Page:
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How do Chapter 7 and Chapter 13 bankruptcies differ?

On Behalf of | Aug 16, 2022 | Bankruptcy |

When your finances become overwhelming to the point where you see no reasonable way to dig yourself out of debt, you may start considering filing for bankruptcy. Depending on the specifics of your situation, filing for bankruptcy may be the fastest way to put an end to creditor harassment and give yourself a strong shot at a fresh financial start.

Per U.S. News and World Report, when you file for consumer bankruptcy in New Jersey, you are likely to file for either Chapter 7 or Chapter 13. Both options give you a possible way to get back on your feet financially. However, they differ from one another in several important ways.

What to know about Chapter 7 bankruptcy

A Chapter 7 bankruptcy may suit your needs if you have limited means or income. You have to pass a means test before filing for Chapter 7. If you have too much money at your disposal, you are unlikely to qualify. This type of bankruptcy filing might require you to relinquish some of your assets to pay back creditors.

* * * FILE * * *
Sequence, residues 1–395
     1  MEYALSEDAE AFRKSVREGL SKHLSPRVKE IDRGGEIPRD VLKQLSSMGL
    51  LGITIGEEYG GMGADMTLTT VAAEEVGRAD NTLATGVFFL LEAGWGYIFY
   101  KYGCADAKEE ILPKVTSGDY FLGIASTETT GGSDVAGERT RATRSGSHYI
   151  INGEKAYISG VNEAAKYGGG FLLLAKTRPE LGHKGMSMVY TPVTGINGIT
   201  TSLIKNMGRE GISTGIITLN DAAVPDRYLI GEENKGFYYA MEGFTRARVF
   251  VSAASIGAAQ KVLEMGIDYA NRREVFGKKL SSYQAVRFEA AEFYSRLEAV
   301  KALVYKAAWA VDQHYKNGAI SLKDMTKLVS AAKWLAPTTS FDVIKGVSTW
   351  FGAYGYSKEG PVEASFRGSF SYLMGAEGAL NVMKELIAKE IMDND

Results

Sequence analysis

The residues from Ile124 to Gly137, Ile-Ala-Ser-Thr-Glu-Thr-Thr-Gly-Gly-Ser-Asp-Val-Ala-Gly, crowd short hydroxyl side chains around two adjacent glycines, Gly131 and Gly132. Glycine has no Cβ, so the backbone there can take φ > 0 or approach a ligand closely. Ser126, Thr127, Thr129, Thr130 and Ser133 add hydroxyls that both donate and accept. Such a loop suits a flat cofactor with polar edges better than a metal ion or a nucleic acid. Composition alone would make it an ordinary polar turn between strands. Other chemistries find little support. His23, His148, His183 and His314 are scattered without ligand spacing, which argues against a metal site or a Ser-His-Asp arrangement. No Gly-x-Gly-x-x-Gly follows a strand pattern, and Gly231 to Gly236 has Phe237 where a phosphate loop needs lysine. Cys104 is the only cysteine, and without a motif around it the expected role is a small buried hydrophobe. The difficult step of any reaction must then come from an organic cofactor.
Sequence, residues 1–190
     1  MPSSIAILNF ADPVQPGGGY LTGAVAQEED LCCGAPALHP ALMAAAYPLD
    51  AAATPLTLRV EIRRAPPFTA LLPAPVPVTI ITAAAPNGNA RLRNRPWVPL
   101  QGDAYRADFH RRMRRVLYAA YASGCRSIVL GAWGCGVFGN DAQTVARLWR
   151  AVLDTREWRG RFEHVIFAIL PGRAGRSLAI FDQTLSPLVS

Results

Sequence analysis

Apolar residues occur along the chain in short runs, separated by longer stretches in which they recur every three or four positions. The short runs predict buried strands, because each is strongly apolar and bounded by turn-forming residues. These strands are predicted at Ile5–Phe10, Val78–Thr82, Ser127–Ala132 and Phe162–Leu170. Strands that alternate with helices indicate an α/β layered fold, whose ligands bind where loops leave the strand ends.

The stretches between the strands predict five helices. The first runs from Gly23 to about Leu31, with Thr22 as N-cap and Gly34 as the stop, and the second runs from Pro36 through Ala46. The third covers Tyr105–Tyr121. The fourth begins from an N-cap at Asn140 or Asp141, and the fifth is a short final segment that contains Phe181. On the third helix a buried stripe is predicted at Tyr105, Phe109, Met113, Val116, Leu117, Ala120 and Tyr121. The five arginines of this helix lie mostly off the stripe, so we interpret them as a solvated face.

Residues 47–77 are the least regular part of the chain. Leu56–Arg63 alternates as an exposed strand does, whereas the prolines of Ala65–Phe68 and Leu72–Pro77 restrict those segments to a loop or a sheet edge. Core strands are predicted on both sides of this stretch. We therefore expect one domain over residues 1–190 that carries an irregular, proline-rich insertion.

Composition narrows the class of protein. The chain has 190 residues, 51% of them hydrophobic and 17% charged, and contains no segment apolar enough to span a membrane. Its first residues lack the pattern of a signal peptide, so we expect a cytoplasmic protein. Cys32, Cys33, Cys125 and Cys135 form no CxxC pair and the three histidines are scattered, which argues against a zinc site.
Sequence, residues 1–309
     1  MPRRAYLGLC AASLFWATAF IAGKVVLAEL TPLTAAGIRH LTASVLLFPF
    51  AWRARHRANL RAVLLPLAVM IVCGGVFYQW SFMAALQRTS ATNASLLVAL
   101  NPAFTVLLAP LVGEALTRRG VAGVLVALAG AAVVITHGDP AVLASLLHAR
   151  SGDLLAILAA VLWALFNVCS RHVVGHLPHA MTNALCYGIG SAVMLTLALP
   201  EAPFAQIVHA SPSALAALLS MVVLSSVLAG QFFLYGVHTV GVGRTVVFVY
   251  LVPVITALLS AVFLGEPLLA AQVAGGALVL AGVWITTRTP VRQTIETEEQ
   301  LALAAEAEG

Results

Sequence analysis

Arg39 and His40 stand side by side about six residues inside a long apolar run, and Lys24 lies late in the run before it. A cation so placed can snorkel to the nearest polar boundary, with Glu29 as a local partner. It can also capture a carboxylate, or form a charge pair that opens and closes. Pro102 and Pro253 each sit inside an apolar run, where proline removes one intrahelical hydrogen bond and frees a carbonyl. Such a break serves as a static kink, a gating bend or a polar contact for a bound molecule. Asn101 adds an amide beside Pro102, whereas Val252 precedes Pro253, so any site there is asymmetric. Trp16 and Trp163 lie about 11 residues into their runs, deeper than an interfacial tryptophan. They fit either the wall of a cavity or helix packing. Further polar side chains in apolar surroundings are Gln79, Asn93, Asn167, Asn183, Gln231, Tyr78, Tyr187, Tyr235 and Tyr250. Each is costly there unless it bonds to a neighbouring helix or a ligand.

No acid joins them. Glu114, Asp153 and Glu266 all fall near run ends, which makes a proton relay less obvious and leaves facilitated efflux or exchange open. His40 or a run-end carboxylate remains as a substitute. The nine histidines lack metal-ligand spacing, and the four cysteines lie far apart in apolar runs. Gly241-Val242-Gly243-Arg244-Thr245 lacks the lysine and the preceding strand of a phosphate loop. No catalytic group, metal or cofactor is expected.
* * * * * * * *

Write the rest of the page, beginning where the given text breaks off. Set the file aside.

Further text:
What to know about Chapter 13 bankruptcy

Chapter 13 bankruptcies may be worth considering if you have regular income and do not want to risk having to turn over your house, car or other valuables. With a Chapter 13 bankruptcy, you typically reorganize your debts so you are able to make payments on them over time. If you make your payments in full and on time, you should not have to lose your house or other assets.

There are other important differences between Chapter 7 and Chapter 13 bankruptcies, including how long they take to discharge your debts.